Beverage and snack giant PepsiCo (NASDAQ:PEP) issued its first-quarter 2015 earnings report today, revealing a 3% decline in revenue and essentially flat earnings. The company earned $1.2 billion on $12.2 billion in revenue, versus the prior-year quarter's $1.2 billion profit on revenue of $12.6 billion. Diluted earnings per share inched up two pennies to $0.81.
After removing the effects of an ascendant U.S. dollar versus major world currencies, PepsiCo showed organic revenue growth of 4.4%. and operating profit of 8%. The company encapsulated these and other currency-adjusted figures in its quarterly earnings infographic, which is consistently one of the most colorful on Wall Street:
This quarter's Bam! Pow! cartoon aesthetic, aside from taking investors back to their comic-reading days, is meant to visually enforce the idea that if one strips away the pesky issue of dollar strength, PepsiCo's results are surging.
The problem with this thesis is that PepsiCo also warned this morning that adverse currency effects would negatively effect core earnings per share by 11% for the full year, in contrast to a previously announced 7%.
This warning suggests Pepsi sees weakness in the euro, as well as in Latin American and Asian currencies, persisting throughout the full year, and that the company will continue to struggle to contain the effects on its global sales and profits.
How much attention should investors give swings in foreign exchange? On one hand, removing currency effects from reporting can help shareholders more clearly understand "constant currency" -- i.e., apples-to-apples results. So when Pepsi and other large companies report "adjusted" numbers, it helps investors more clearly see the core changes in a corporation's business.
On the other hand, a U.S.-based multinational ultimately retains earnings in U.S. dollars. PepsiCo will earn less than previously projected this year because the foreign currencies with which customers buy its snacks and drinks are worth less against the dollar than in the previous year. Thus, the real amount of earnings in Pepsi's coffers to distribute to shareholders in the form of dividends, or reinvest in its own stock through share repurchases, will decrease.
So a prolonged rise in the dollar will have real and negative effects on PepsiCo's bottom line, and shareholders shouldn't take the trend lightly. In the company's press release today, CEO Indra Nooyi outlined PepsiCo's line of attack as follows: "We have and will continue to take actions to manage through the current volatile macroeconomic environment by taking responsible pricing actions, tightly controlling costs, and optimizing our global sourcing to minimize and mitigate the impacts of the current foreign exchange challenges."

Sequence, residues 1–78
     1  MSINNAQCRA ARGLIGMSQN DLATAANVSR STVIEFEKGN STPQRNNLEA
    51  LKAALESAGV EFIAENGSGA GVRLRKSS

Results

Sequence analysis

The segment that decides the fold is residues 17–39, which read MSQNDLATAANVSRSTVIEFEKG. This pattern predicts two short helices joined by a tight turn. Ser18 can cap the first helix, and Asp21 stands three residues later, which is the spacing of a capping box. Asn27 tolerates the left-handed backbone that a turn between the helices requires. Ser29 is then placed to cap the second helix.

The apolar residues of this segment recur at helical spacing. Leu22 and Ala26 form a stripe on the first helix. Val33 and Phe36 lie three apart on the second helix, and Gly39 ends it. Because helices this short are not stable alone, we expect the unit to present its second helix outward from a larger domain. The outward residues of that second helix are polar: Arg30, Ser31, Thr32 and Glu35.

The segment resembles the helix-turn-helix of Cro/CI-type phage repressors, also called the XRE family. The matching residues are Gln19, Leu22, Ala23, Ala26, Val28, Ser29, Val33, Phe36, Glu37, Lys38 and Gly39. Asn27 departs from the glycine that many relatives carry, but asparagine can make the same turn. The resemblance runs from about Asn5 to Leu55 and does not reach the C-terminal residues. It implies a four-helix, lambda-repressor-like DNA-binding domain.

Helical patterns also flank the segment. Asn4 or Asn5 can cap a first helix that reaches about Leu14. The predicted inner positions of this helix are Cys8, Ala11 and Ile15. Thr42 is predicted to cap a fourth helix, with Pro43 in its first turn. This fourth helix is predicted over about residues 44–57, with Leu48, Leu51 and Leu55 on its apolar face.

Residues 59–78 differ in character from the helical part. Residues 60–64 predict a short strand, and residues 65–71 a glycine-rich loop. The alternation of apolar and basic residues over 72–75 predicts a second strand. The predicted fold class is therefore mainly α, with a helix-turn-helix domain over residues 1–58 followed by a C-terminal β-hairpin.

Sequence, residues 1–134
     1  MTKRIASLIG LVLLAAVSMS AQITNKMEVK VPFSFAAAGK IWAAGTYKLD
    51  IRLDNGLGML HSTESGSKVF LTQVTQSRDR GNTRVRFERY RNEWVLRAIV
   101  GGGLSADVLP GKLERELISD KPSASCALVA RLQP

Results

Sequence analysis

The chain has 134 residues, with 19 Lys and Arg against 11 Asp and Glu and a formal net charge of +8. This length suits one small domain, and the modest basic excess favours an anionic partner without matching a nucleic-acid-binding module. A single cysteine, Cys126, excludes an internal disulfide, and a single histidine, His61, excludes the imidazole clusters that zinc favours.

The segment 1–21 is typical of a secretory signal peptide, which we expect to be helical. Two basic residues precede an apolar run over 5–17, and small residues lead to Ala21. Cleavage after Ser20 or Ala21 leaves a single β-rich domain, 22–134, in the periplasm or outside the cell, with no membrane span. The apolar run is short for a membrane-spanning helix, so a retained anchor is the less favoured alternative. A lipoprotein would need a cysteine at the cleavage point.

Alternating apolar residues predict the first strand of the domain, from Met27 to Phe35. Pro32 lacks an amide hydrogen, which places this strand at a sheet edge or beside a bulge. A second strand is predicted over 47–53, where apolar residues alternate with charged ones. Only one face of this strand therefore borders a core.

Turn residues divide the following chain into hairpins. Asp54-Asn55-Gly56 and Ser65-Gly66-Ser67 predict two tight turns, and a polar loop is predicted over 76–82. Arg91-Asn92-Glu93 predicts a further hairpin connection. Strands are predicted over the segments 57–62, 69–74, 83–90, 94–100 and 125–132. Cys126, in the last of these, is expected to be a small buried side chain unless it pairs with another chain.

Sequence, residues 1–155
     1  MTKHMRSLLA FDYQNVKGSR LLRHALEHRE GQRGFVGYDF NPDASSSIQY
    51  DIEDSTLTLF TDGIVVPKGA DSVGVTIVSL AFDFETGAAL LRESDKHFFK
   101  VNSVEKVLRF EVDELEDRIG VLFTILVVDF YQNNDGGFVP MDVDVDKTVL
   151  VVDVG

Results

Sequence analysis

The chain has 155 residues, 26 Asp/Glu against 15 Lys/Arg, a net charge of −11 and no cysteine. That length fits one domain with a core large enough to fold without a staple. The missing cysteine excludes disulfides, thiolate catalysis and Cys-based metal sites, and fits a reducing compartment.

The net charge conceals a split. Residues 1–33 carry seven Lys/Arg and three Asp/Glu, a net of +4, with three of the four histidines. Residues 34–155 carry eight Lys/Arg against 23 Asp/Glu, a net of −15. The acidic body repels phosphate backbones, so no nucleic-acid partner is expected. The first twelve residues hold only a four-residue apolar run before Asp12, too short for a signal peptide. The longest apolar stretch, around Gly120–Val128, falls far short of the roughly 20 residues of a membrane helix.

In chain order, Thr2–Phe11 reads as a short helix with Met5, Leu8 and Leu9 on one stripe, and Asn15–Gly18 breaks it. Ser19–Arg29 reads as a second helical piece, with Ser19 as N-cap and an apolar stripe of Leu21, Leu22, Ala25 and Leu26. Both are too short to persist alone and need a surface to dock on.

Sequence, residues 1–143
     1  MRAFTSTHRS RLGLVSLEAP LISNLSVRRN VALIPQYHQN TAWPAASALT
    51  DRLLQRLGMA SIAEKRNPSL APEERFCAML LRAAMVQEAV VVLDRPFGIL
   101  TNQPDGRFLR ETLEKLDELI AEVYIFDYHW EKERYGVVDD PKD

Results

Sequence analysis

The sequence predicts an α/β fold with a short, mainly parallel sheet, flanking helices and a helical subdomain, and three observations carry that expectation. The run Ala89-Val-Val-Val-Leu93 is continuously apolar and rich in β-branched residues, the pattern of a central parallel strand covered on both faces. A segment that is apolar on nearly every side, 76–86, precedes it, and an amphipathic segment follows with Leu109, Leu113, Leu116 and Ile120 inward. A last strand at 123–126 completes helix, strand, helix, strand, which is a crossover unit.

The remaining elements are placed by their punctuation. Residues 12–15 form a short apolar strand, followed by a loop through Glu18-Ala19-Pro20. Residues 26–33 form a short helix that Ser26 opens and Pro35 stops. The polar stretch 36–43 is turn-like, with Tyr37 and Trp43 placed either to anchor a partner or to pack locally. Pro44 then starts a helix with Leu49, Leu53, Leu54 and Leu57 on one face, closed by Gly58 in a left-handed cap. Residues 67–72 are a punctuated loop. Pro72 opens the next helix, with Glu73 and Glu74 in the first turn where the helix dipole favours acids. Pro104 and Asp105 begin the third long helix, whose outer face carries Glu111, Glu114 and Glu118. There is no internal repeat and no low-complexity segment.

To translate, the company will try where possible to "take pricing," that is, to raise prices in locations where strong demand allows it. Pepsi also will continue with its productivity initiatives: the company affirmed that it is on track to deliver $1 billion in productivity savings this year.
Finally, where feasible in each geographic region, management will procure the inputs of production locally. "Optimizing global sourcing" can be thought of as purchasing raw materials closer to Pepsi's manufacturing and distribution facilities on each continent. In periods of U.S. dollar strength, multinationals seek to minimize the raw materials exported out of the U.S., as it's cheaper to buy materials closer to production facilities in local currencies.
Other highlights of Q1 earnings
Segment performance largely followed trends established over the last few quarters. Frito-Lay North America continued to drive value for the company, increasing revenue by 3% and operating profit by 7%. PepsiCo AMEA (Asia, Middle East, and Africa) also posted attractive results, expanding its top line by 2.5% and operating profit by 25%.
Yet PepsiCo Europe performed dismally, with revenue skidding 25%, and operating profit shrinking by 34%. At $1.5 billion in sales, PepsiCo Europe is the company's fourth-largest segment (out of a total of six), yet it's still big enough to impact companywide earnings.
While PepsiCo cited the euro and Russian ruble as partly responsible for the performance lag, the magnitude of these declines is surprising. Shareholders can expect management to pay special attention to this segment for the rest of the year.
Finally, PepsiCo said shareholders can expect to see higher interest expenses on future financial statements as the company takes on increasing debt. While recent financing appears to be a reshuffling of short-term obligations, Pepsi is committed to its plan to repurchase between $4.5 billion and $5 billion of its shares this year, in addition to issuing roughly $4 billion in dividends. Should earnings continue to face foreign exchange pressure, Pepsi won't hesitate to take on a bit more leverage to keep its shareholders happy.